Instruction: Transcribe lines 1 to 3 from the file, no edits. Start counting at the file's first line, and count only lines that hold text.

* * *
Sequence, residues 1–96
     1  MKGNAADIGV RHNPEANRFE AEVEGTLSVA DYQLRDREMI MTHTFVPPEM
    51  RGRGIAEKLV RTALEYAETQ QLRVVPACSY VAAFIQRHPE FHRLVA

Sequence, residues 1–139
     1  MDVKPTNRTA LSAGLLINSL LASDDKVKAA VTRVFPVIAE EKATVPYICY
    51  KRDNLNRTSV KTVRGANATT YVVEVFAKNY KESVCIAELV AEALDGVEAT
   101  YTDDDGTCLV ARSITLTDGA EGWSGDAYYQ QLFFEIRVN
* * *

Sequence, residues 1–96
     1  MKGNAADIGV RHNPEANRFE AEVEGTLSVA DYQLRDREMI MTHTFVPPEM
    51  RGRGIAEKLV RTALEYAETQ QLRVVPACSY VAAFIQRHPE FHRLVA